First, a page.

While dusty aftermaths of suspected asteroid collisions have been observed by Spitzer before, this is the first time scientists have collected data before and after a planetary system smashup. The viewing offers a glimpse into the violent process of making rocky planets like ours.

More: http://www.jpl.nasa.gov/news/news.php?release=2014-291

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NASA's Spitzer Confirms Closest Rocky Exoplanet
« Reply #18 on: Aug 01, 2015, 09:12:53 »
NASA's Spitzer Confirms Closest Rocky Exoplanet

Using NASA's Spitzer Space Telescope, astronomers have confirmed the discovery of the nearest rocky planet outside our solar system, larger than Earth and a potential gold mine of science data.

Dubbed HD 219134b, this exoplanet, which orbits too close to its star to sustain life, is a mere 21 light-years away. While the planet itself can't be seen directly, even by telescopes, the star it orbits is visible to the naked eye in dark skies in the Cassiopeia constellation, near the North Star.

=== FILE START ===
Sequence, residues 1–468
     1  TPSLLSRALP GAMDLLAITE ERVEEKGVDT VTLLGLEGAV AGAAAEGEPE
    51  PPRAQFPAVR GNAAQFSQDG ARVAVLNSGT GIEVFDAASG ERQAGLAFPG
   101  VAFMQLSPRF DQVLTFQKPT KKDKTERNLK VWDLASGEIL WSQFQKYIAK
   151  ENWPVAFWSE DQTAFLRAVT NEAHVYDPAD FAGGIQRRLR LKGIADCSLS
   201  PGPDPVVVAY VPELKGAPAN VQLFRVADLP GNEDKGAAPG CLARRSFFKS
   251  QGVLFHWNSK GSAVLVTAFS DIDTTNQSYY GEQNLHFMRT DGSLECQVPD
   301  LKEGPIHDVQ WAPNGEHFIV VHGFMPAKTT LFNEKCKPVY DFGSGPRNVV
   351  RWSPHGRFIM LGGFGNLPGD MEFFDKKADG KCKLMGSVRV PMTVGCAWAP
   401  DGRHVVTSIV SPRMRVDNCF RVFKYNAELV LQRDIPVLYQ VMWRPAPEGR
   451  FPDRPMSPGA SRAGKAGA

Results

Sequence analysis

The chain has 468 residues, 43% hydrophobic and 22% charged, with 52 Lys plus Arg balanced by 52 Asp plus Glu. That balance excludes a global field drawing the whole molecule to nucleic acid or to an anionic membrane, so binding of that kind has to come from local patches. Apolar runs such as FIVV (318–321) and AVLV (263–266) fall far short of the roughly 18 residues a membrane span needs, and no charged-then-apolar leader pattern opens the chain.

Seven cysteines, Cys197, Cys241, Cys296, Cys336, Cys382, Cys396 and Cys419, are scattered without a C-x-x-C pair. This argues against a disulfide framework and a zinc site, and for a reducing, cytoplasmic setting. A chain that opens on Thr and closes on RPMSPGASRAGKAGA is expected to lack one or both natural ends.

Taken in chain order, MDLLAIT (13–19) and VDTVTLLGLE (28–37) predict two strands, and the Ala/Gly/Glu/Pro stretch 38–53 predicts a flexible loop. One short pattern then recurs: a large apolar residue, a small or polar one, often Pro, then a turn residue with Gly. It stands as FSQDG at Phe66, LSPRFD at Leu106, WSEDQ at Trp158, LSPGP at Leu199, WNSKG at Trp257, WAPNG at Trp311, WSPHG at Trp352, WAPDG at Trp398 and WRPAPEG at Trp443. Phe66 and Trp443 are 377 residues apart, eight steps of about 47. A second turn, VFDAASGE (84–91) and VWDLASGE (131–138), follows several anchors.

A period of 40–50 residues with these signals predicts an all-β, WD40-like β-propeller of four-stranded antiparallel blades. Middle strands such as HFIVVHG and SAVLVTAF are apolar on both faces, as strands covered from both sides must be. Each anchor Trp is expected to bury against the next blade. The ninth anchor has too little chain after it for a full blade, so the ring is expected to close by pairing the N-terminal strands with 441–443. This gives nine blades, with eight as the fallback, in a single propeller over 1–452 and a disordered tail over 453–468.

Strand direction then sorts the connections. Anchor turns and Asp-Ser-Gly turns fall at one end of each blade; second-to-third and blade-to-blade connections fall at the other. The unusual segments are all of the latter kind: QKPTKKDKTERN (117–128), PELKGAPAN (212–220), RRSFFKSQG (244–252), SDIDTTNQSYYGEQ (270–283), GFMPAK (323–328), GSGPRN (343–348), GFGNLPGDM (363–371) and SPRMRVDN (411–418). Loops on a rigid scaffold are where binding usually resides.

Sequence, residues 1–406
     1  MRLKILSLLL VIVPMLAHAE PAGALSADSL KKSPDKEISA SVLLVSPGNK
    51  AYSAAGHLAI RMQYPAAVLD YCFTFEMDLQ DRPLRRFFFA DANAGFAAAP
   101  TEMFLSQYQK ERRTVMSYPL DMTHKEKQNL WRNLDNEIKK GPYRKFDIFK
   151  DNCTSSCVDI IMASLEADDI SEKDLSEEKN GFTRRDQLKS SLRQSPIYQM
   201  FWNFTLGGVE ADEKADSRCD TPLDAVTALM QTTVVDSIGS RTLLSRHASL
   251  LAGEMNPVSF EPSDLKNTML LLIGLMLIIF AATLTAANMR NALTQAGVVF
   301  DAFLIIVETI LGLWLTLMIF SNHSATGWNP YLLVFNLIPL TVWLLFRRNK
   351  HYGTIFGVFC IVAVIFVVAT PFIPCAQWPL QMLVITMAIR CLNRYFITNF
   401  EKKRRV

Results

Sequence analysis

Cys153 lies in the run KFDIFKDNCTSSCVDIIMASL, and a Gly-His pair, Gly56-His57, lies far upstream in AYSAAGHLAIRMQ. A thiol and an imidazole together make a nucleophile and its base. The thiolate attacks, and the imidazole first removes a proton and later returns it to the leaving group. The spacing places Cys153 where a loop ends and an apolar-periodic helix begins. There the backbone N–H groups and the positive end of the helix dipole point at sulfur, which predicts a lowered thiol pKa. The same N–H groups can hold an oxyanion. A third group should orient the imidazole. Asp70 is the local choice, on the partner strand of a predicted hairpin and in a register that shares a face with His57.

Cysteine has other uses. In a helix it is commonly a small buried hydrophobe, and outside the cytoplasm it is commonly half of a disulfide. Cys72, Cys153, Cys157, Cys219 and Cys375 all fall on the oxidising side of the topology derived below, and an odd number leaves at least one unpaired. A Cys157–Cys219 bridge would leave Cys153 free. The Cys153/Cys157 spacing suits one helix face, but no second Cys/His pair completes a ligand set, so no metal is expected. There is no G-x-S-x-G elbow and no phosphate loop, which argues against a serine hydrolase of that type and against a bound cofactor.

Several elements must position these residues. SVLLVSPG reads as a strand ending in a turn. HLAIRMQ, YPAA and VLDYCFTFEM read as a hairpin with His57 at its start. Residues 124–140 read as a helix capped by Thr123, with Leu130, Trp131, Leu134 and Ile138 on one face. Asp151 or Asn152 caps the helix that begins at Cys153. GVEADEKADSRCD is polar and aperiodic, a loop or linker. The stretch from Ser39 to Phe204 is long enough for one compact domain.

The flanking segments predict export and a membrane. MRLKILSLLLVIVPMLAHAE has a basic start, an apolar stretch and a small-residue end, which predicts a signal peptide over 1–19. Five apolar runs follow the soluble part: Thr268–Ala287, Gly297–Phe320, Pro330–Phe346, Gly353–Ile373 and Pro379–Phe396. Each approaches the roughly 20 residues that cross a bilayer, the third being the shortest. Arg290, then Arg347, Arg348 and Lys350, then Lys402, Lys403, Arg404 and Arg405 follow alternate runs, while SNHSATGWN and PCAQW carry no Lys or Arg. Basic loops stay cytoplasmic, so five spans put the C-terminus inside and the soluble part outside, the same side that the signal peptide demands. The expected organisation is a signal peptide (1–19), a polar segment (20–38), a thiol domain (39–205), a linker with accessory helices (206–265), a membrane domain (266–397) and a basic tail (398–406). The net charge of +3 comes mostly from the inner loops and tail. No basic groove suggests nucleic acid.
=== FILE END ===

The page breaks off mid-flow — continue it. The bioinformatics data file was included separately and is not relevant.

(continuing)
More: http://www.jpl.nasa.gov/news/news.php?feature=4672

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NASA Telescope Reveals Largest Batch of Earth-Size, Habitable-Zone Planets Around Single Star

NASA's Spitzer Space Telescope has revealed the first known system of seven Earth-size planets around a single star. Three of these planets are firmly located in the habitable zone, the area around the parent star where a rocky planet is most likely to have liquid water.